Ganesh Chaturthi Festival & Indian Culture

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Ganesh Chaturthi Festival & Indian Culture

Ganesh Chaturthi - GANESH FESTIVAL

Religion in India is still a living force and Indians appreciate and cultivate the festival spirit & culture even in this age of industrialisation and political upheavals. May be Ganesh festivals bring people together and make the nation move forward and grow. Ganesh Festival is very popular in our country.

The birth of Lord Ganesh is on the 4th day of the bright half of Bhadrapad Shukla (August/September). This festival is celebrated for 10 days from Ganesh Chaturthi - birth -date-to Anant Chaturdashi - the final 10th day of his immersion. Everyone loves this deity with his curving trunk, potbelly and big flat ears. He is the benevolent protector of the innocent, yet the ruthless destroyer of evil. His mount is a rat.
In several states of India, but especially in Maharashtra clay idols of Ganesh in varying sizes are made and sold. The idols are purchased and brought home the day previous to Ganesh Chaturthi, which is the day of Hartalik when women keep fast and invoke the blessings of goddess Parvati, who is Ganesh's mother.
In several states of India, but especially in Maharashtra clay idols of Ganesh in varying sizes are made and sold. The idols are purchased and brought home the day previous to Ganesh Chaturthi, which is the day of Hartalik when women keep fast and invoke the blessings of goddess Parvati, who is Ganesh's mother.
In streets and commercial establishments community worship is offered to a life-size or even a bigger image, installed on an erected platform. This Lord Ganesh is very fond of sweets and hence khir, panchamrit, fruits and sweets and specially modaks are placed before him as "Naivedya" or "Bhog". After the ritual worship this "Bhog" is distributed as "Prasad".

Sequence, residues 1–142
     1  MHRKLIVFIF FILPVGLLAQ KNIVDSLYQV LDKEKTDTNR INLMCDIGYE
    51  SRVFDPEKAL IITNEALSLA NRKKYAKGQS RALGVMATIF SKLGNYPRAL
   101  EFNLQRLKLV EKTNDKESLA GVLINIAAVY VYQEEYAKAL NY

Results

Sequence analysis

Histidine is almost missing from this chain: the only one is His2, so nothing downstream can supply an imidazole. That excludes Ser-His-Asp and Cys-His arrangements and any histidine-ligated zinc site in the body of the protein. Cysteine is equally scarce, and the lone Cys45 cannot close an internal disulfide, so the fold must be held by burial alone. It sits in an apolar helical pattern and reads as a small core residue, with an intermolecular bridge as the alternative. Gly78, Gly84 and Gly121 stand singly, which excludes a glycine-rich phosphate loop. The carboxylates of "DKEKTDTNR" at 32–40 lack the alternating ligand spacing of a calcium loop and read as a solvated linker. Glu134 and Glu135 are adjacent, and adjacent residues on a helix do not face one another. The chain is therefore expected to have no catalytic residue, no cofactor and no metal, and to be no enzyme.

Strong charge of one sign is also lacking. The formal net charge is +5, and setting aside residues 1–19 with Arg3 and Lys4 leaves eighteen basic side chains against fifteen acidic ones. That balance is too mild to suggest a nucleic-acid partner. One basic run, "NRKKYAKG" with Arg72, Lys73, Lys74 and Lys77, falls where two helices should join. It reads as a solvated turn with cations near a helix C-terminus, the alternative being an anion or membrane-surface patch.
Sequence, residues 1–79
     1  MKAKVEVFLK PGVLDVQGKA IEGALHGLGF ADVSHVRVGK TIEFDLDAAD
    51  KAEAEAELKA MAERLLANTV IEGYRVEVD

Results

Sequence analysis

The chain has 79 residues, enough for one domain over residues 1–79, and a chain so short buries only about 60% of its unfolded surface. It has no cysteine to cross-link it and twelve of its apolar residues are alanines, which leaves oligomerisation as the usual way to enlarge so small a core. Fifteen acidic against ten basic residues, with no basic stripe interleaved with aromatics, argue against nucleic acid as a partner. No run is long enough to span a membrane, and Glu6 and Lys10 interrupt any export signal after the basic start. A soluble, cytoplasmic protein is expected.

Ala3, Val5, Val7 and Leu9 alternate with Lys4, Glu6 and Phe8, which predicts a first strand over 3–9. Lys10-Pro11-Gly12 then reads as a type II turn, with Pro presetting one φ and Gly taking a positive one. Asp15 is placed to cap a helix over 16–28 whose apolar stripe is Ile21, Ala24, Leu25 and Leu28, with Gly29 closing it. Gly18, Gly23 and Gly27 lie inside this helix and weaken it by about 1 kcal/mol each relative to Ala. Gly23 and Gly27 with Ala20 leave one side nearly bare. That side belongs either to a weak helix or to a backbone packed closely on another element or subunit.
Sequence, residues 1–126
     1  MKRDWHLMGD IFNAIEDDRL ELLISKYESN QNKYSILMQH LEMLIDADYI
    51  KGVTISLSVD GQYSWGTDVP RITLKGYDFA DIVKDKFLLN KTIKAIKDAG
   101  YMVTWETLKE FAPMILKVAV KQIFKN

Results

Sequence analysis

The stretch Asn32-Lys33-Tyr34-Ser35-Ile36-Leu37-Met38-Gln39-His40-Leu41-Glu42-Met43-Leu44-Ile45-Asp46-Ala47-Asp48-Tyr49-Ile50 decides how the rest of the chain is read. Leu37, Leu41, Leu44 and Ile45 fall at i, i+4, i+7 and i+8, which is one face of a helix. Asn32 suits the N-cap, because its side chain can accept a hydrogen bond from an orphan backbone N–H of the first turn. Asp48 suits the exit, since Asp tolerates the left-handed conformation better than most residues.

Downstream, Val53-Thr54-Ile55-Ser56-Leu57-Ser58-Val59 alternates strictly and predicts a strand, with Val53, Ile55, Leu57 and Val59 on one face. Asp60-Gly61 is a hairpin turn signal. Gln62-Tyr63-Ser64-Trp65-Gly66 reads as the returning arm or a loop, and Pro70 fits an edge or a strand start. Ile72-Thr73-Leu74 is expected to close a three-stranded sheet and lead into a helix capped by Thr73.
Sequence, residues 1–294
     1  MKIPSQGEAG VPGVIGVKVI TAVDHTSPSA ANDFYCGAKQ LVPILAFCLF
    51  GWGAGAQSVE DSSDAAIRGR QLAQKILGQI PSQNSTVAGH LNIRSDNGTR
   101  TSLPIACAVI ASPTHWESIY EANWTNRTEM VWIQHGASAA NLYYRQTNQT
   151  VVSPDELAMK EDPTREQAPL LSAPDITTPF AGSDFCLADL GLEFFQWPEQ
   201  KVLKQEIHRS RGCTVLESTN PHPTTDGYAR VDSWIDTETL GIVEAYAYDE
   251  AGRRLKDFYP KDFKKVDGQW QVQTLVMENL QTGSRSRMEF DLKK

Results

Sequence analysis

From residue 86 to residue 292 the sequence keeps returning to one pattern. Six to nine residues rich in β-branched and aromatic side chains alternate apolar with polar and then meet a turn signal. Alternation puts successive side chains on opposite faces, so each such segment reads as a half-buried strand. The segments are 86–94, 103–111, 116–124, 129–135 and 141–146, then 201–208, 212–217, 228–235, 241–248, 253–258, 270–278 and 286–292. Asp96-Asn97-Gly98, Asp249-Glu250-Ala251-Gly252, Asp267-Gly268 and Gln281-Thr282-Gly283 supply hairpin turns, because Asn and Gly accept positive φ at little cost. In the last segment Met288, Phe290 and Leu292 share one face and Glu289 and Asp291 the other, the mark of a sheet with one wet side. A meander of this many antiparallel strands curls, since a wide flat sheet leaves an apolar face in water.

On the day of immersion, which is either on 3rd, 5th, 7th or 10th day after performing of "Puja", the idol is taken out in a procession by people who dance and sing. On the 10th day - the Anant Chaturdashi day the sea fronts are packed with surging mass of humanity as the idols of Ganesh are carried towards their watery rest among shouts of "Ganapati Bappa Moriya, Pudhachya varshi lavkar ya" (Return early next year, Oh Victorious Lord Ganesh).
Many interesting legends about the birth and the greatness of Lord Ganesh are found in old ancient religious texts. He is considered to be the god of wisdom, prudence and prosperity. The worship of this god is coming down to us right from the Vedic times. Every religious ceremony is completed even today with invoking his blessings at the very beginning with the solemn recitation of "Om Ganeshaya Namaha" (I bow to Thee Lord Ganesh). It is believed that Lord Ganesh put down on paper the slokas of our great epic Mahabharat as Maharshi Ved Vyas dictated them to him. Sant Gyaneshwar's Gyaneshwari starts with praise of Lord Ganesh.
Since the days of Chatrapati Shivaji Maharaj the founder of the Maratha Empire this Ganesh Festival was celebrated on a grand scale in Pune and later on the Peshwas themselves participated in this festival, as Ganesh was their family deity. Today this festival is the most colourful and happy event in the religious, social and cultural life of India specially that of Pune. With the end of the Peshwa regime this festival lost its glamour and came to be observed privately in households only. Thus many years passed.

 

 
 
 

 



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